Sewing 101: Buttonholes

Hello darlings,
In our wonderful word of sewing, there are so many different ways of achieving the result we want. Specially when sewing tricky techniques. Today I am sharing what I do when sewing buttonholes on lightweight fabric. If you have a better trick, please share!
We start from your buttonhole placements already marked. My button placket has been interfaced as per pattern instructions.
Gather your supplies:

Before I start, I always do a “test” buttonhole with a sample. The same fabric in the exact thickness (interfaced and all) I am using on the real project. I didn’t take a picture of how horrible it looked. Total hot mess. No question how badly the buttonholes of my Tyler shirt needed an stabiliser.

Just cut a rectangle of your stabiliser and place on top your button marking. Sewing as usual. You can draw the buttonhole shape on the stabiliser if you need a visual buttonhole marker.
If I was sewing an even lightweight fabric, I would cut my stabiliser large enough to engulf both front and back of the buttonhole, forming an sandwich of stabiliser- fabric- stabiliser.
In case you are wondering, the stabiliser don’t move while sewing. This was how I placed it. As you can see, it doesn’t matter how you position the stabiliser as long as it covers the length for the whole buttonhole. Don’t cut too small.  Just make sure you place your buttonhole foot on the right position.
The back of the buttonhole.
I tie my ends, trim and peal the stabiliser.
As you can see, there is still stabiliser left inside. For me, it’s the icing because it makes the job of cutting the opening of the buttonhole a lot more accurate. Who doesn’t worry when making a small cut on lightweight fabrics.
The residue of the stabiliser will wash away when you wash your make or you can just rinse it under water for a few minutes.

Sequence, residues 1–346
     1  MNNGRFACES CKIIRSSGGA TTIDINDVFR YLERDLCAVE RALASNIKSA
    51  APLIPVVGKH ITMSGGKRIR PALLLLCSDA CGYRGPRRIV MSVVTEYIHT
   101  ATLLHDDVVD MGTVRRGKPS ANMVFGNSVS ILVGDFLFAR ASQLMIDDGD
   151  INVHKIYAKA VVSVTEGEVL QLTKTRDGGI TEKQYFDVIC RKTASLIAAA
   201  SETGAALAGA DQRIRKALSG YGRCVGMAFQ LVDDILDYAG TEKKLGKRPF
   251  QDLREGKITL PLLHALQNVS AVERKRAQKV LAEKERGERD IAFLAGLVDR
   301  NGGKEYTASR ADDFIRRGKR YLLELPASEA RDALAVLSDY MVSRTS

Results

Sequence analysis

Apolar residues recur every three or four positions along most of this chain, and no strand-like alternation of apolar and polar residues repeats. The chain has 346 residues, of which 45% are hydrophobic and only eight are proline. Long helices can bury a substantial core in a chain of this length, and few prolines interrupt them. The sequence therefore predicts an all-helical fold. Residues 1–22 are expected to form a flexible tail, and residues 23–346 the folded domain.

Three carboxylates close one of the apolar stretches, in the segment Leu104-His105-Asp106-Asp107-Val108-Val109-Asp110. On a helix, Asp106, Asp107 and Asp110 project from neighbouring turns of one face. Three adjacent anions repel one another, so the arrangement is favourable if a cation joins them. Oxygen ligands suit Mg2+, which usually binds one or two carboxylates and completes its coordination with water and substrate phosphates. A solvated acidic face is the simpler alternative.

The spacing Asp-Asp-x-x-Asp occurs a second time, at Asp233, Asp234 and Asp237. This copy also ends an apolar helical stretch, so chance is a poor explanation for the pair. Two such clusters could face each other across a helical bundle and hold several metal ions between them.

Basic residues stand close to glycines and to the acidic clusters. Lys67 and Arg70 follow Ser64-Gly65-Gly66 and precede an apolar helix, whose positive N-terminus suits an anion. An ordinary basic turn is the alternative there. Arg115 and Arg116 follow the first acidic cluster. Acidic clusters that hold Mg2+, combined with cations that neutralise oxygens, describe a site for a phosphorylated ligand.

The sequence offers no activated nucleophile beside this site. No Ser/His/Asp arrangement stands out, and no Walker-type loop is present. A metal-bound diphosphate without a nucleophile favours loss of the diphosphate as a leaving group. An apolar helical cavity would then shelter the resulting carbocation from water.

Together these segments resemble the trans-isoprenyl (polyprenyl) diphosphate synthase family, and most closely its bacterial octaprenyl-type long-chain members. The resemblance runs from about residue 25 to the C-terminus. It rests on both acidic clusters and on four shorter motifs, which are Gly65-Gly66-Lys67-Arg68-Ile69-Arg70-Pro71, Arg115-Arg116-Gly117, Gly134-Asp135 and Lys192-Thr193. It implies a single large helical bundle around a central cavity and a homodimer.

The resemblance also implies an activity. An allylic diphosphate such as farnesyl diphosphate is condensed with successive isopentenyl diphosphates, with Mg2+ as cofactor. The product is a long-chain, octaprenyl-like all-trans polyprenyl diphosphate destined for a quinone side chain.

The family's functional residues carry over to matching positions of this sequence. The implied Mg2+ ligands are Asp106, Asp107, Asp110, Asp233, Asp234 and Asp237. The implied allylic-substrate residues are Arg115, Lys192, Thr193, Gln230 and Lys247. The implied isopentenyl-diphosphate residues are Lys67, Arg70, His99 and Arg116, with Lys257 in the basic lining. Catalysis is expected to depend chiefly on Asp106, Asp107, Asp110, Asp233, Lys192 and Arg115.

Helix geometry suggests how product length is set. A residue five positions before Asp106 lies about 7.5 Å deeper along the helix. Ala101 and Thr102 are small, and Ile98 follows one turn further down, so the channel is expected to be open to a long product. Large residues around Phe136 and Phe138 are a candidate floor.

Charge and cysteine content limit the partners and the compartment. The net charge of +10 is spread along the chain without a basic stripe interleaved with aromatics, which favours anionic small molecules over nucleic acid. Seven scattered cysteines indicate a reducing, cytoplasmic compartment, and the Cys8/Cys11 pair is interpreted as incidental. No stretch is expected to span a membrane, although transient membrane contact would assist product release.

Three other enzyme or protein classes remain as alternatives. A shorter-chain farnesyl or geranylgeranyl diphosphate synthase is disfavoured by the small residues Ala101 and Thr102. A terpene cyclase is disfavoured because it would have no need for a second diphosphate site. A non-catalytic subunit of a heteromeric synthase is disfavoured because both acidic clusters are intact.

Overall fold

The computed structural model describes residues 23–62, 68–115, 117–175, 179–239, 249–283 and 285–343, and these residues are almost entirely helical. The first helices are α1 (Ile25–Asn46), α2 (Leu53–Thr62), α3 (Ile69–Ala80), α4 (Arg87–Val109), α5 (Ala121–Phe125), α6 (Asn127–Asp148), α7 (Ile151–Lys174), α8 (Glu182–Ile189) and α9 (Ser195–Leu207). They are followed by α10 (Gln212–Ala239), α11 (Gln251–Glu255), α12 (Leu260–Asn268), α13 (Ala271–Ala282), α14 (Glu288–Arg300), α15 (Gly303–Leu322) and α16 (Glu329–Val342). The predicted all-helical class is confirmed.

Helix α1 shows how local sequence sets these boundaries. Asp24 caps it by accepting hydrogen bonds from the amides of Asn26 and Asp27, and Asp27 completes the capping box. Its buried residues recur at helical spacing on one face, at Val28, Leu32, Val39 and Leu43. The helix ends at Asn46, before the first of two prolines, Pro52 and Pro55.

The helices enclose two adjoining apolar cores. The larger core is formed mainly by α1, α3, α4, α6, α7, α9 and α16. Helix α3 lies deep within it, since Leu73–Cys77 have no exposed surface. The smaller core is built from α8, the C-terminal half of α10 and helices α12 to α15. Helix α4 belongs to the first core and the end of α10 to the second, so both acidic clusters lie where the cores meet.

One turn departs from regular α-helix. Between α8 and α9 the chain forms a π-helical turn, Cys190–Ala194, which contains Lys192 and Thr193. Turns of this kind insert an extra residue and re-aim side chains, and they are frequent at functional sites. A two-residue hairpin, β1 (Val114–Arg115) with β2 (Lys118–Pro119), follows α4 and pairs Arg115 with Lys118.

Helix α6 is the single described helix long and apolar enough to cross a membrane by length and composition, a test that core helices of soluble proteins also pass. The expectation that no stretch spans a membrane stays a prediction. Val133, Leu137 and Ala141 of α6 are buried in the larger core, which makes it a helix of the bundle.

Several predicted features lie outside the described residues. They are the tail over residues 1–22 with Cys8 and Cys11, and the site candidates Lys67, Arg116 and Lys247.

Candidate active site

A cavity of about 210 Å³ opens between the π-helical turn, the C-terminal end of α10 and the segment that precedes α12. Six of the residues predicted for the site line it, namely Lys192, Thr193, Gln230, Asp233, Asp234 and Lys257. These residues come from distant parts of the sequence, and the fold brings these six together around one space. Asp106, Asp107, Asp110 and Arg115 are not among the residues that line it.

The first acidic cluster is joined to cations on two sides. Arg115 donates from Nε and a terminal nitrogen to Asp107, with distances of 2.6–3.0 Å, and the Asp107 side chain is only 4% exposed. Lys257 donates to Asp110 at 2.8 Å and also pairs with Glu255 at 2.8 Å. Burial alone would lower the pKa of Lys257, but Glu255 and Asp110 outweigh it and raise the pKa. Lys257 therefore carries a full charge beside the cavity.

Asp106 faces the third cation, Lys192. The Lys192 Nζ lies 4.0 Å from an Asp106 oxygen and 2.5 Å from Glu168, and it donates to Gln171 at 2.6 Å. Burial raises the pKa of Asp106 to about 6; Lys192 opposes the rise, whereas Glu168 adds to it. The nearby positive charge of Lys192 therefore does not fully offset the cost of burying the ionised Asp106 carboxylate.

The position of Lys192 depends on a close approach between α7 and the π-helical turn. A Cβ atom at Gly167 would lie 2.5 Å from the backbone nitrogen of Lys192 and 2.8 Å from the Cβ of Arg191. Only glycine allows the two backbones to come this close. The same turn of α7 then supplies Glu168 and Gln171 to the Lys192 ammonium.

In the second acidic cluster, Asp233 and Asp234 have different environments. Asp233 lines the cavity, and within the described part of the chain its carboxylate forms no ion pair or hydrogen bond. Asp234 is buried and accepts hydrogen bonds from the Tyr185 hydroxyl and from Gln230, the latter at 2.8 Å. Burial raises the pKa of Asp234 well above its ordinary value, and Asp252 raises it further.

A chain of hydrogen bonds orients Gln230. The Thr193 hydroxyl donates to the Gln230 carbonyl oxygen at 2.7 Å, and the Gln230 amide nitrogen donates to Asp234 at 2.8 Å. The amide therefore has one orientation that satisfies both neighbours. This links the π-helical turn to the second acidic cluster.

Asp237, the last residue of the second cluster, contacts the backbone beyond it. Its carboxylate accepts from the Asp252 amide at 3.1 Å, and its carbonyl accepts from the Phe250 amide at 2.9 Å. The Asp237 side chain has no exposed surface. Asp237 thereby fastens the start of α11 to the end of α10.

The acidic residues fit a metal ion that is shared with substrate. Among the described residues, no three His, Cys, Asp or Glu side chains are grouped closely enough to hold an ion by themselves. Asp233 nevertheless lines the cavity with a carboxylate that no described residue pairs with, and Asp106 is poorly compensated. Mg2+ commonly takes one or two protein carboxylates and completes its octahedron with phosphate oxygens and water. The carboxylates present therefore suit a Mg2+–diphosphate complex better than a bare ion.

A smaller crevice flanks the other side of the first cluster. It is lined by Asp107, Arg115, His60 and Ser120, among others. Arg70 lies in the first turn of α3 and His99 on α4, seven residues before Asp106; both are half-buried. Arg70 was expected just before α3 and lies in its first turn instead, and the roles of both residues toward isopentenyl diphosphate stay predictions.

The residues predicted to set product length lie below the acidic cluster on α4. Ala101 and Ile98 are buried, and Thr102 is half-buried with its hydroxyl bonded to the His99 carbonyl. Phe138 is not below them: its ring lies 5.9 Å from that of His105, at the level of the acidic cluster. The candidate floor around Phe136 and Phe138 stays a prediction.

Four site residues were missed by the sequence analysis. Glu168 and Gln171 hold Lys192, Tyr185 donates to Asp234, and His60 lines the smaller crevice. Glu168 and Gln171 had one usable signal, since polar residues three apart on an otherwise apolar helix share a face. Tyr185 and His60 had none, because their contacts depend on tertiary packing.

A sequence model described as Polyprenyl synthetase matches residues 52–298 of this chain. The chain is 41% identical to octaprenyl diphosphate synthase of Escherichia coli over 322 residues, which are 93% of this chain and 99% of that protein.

Thank you everyone that voted on which button to sew. The shirt is now finished. I love it.The weather is miserable and cold that taking pictures is hard. I foresee a blog break near the end of the year. Sewing will keep going on the background.
Ps: Fabric is a soft Voile called: Budquette Nightfall from Art Gallery
  • That’s a great lil trick.

  • Those buttonholes are lovely. What machine are you using?

  • This is a great tip. Thanks for sharing it.

  • I need this stabiliser in my life! Didn’t even know such a thing existed. Thanks, Rachel!

  • The fabric is gorgeous. That’s a really useful tip for buttonholes in fine fabric, they always make me nervous 🙂

  • I’ve used spray starch on sloppy fine fabric and that really helped, thanks for this tip though.

  • Wow, that’s brilliant. Thank you so much.

  • That is an excellent tip – thanks! I’ll need to look out for some of that stabiliser.

  • What a great tip! I agree with you about the difficulty photographing finished garments for your blog. I usually sew on sunday afternoons, it’s the only time I have, so when I finish something it’s evening and too dark to photograph outside. I post murky photos on my blog which aren’t the best I can do, but I want to tell people about what I’ve just finished.

    I love the clothes you sew and the fact you’re a tall person sewing (like me, and it’s also the reason I started sewing when I was a teenager). Don’t stop!

  • Fab tip, thank you!

  • this is a great tip, thank you for sharing!

  • Great tip! I’ve never used stabilizer like this, but it looks great!

  • Very smart! Never seen this before!

  • Super helpful! It’s kind of heartbreaking to have messy buttonholes when you’re so close to being finished with a project. Thanks for the excellent tip.

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  • What a great tip! My buttonholes always come out a little wonky, so I need to give this a try! 🙂 Lisa

  • Tamsin Oliver

    Thanks for the tip. I am not familiar with this type of stabilizer, in Australia it may be a different name. It looks like plastic?? Another useful tip I do when it comes to cutting the button hole with my unpicker is I put a pin across the end to stop inside the button hole to stop it sliding into the end tab of the button hole. Or worse. Once I cut one that was a bit stiff and it slipped past the end and 2 inches into the garment. Yes I cried.

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